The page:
June 2007 Archives

Stephen Frater and Michael Pollick:

The Naples Area Board of Realtors has long wanted to report that city's results undiluted by lower-priced and worse-performing neighbors.

In fact, for the past few months, the board has refused to submit its sales and price numbers to the Florida Association of Realtors for its comprehensive monthly reports.

Marla Martin, an FAR spokeswoman, said the Naples board -- representing the wealthiest median home sales prices in Florida -- had raised issues with the state association relating to the presentation of the board's sales and price data.

Martin said there have been recent meetings about the matter, and she expected some resolution soon.

Observers say that Naples' strong, expensive but medium-small market does not want to be lumped into any other database because it could drag down the statistics.

Austan Goolsbee:

They wanted to know if there was any evidence that the American genius with information technology transfers to locations outside the United States. If American companies turn computers into productivity better than anyone else, can businesses in Britain do the same when they are taken over by Americans?

And in the huge service sectors — financial services, retail trade, wholesale trade — they found compelling evidence of exactly that. American takeovers caused a tremendous productivity advantage over a non-American alternative.

When Americans take over a business in Britain, the business becomes significantly better at translating technology spending into productivity than a comparable business taken over by someone else. It is as if the invisible hand of the American marketplace were somehow passing along a secret handshake to these firms.

Companies like Wal-Mart seem to be more adept at translating technology into productivity than anyone else. The Asda supermarket chain in Britain, for example was a middling fourth in its home market before it was taken over by Wal-Mart in 1999. Asda proceeded to grow, sharply, and has taken the No. 2 spot.

Download the paper: 728K PDF

Virtual Goods: the next big business model

Susan Wu:

People spend over $1.5 billion on virtual items every year. Pets, coins, avatars, and bling: these virtual objects are nothing more than a series of digital 1s and 0s stored on a remote database somewhere in the ether. What could possibly possess people to spend real, hard earned cash on ‘objects’ that have no tangible substance?

The virtual worlds space has received tremendous press attention in the last year, fueled in no small part by Wild West stories of fortune and anarchy in worlds like Second Life and the plight of the Chinese gold farmer in World of Warcraft. But people aren’t paying attention to the bigger story. While people preoccupy themselves with mocking the absurdities of some of these virtual worlds, the reality is that there are many businesses out there making meaningful amounts of money in virtual goods:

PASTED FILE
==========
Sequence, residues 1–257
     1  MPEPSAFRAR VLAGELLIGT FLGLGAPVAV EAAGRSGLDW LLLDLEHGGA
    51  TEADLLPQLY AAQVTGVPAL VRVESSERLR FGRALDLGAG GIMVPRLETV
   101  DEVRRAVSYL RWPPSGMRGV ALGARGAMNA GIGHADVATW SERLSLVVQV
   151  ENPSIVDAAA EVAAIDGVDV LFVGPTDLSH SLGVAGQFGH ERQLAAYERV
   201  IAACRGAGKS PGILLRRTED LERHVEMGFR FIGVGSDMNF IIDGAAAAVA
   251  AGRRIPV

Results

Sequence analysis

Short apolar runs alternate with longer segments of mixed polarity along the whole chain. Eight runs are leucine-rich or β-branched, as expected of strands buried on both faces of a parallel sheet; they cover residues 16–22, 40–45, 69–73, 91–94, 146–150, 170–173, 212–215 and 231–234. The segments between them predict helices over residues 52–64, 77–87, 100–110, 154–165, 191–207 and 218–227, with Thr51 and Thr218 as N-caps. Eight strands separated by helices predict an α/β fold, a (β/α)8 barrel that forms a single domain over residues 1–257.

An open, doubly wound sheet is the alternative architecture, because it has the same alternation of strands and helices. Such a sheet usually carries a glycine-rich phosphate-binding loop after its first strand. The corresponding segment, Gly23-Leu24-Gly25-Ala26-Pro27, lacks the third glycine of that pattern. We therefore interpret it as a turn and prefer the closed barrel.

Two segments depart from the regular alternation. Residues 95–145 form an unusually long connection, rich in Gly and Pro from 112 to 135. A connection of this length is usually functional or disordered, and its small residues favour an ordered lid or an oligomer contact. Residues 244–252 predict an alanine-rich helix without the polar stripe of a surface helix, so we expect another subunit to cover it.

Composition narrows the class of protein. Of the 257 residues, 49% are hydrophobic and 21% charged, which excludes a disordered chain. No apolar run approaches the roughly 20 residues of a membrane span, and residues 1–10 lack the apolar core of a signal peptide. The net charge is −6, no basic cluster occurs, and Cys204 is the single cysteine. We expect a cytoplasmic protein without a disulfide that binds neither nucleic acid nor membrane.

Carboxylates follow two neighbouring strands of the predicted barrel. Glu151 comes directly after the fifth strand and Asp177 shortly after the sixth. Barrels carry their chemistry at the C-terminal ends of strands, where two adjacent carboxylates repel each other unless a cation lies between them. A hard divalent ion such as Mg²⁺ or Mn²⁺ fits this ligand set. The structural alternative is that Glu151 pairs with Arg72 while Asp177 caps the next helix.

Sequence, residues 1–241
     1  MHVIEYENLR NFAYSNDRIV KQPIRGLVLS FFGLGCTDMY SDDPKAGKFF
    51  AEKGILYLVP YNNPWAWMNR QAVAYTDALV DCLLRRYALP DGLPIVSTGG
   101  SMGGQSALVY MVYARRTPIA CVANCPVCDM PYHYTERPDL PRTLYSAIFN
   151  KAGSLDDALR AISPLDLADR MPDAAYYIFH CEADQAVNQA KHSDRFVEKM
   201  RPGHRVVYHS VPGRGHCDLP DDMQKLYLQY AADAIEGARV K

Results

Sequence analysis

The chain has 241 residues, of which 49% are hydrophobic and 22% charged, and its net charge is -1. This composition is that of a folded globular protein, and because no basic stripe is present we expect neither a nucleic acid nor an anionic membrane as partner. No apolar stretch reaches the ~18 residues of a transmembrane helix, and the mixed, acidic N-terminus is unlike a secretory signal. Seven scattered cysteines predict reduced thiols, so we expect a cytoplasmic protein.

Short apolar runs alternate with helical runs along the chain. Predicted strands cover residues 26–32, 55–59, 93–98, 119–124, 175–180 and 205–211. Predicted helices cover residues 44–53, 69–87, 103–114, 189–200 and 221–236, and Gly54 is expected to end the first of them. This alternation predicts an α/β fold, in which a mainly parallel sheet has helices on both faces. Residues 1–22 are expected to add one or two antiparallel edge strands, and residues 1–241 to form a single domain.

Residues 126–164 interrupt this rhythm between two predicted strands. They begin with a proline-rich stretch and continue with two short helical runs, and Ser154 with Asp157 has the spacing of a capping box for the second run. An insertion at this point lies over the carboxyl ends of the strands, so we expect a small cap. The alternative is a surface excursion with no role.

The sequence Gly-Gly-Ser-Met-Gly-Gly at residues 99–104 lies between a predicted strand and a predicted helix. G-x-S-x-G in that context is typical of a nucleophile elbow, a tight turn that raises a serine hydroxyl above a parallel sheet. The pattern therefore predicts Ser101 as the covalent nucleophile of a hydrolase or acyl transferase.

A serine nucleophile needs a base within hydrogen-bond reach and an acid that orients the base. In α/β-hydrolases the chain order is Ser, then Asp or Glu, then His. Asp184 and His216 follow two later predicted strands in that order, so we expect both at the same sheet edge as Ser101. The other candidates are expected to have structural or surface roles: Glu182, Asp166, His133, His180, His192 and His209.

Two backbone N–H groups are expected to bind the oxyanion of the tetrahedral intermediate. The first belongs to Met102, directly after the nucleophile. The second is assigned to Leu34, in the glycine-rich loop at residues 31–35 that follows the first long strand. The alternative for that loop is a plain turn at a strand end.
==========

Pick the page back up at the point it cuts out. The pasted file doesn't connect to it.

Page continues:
Most Over and UnderValued US Housing Markets

Global Insight 468K PDF:

One hundred fifty-seven of 317 metro areas suffered price declines during the last quarter. Cumulatively, these 157 metro areas accounted for 38 percent of all single-family units and half of all single-family real estate assets in the nation. Declines were widely dispersed, though most highly concentrated in California, Florida, New York, New England, and the industrial Midwest.

Nationally, however, house prices advanced during the first quarter at an annualized rate of just 2.2%. This latest gain falls between the third quarter pace of 2.0 percent and the fourth quarter pace of 2.5%. On a year-over-year basis, prices are up 3.0 percent, the weakest gain in a decade.

Fifty-four metro areas were judged to be overvalued during the quarter, representing a decline from 62 metro areas (as revised) during the third quarter More important were declines in the share of all housing units, and real estate assets, judged to be overvalued. In terms of housing units, the percent deemed to be overvalued declined from 17 to 14 percent (as revised). In terms of single-family asset value, the percent deemed to be overvalued declined from 33 to 25 percent (as revised). Clearly, we interpret the evidence as reflective of prices reverting to their historic norms, though further adjustment is likely.

Martin Wolf:

Much of the institutional scenery of two decades ago – distinct national business elites, stable managerial control over companies and long-term relationships with financial institutions – is disappearing into economic history. We have, instead the triumph of the global over the local, of the speculator over the manager and of the financier over the producer. We are witnessing the transformation of mid-20th century managerial capitalism into global financial capitalism.

Above all, the financial sector, which was placed in chains after the Depression of the 1930s, is once again unbound. Many of the new developments emanated from the US. But they are ever more global. With them come not just new economic activities and new wealth but also a new social and political landscape.

First, finance has exploded. According to the McKinsey Global Institute, the ratio of global financial assets to annual world output has soared from 109 per cent in 1980 to 316 per cent in 2005. In 2005, the global stock of core financial assets had reached $140,000bn (£70,660bn, €104,490bn: see chart).

This increase in financial depth has been particularly marked in the eurozone: the ratio of financial assets to gross domestic product there jumped from 180 per cent in 1995 to 303 per cent in 2005. Over the same period it grew from 278 per cent to 359 per cent in the UK and from 303 per cent to 405 per cent in the US.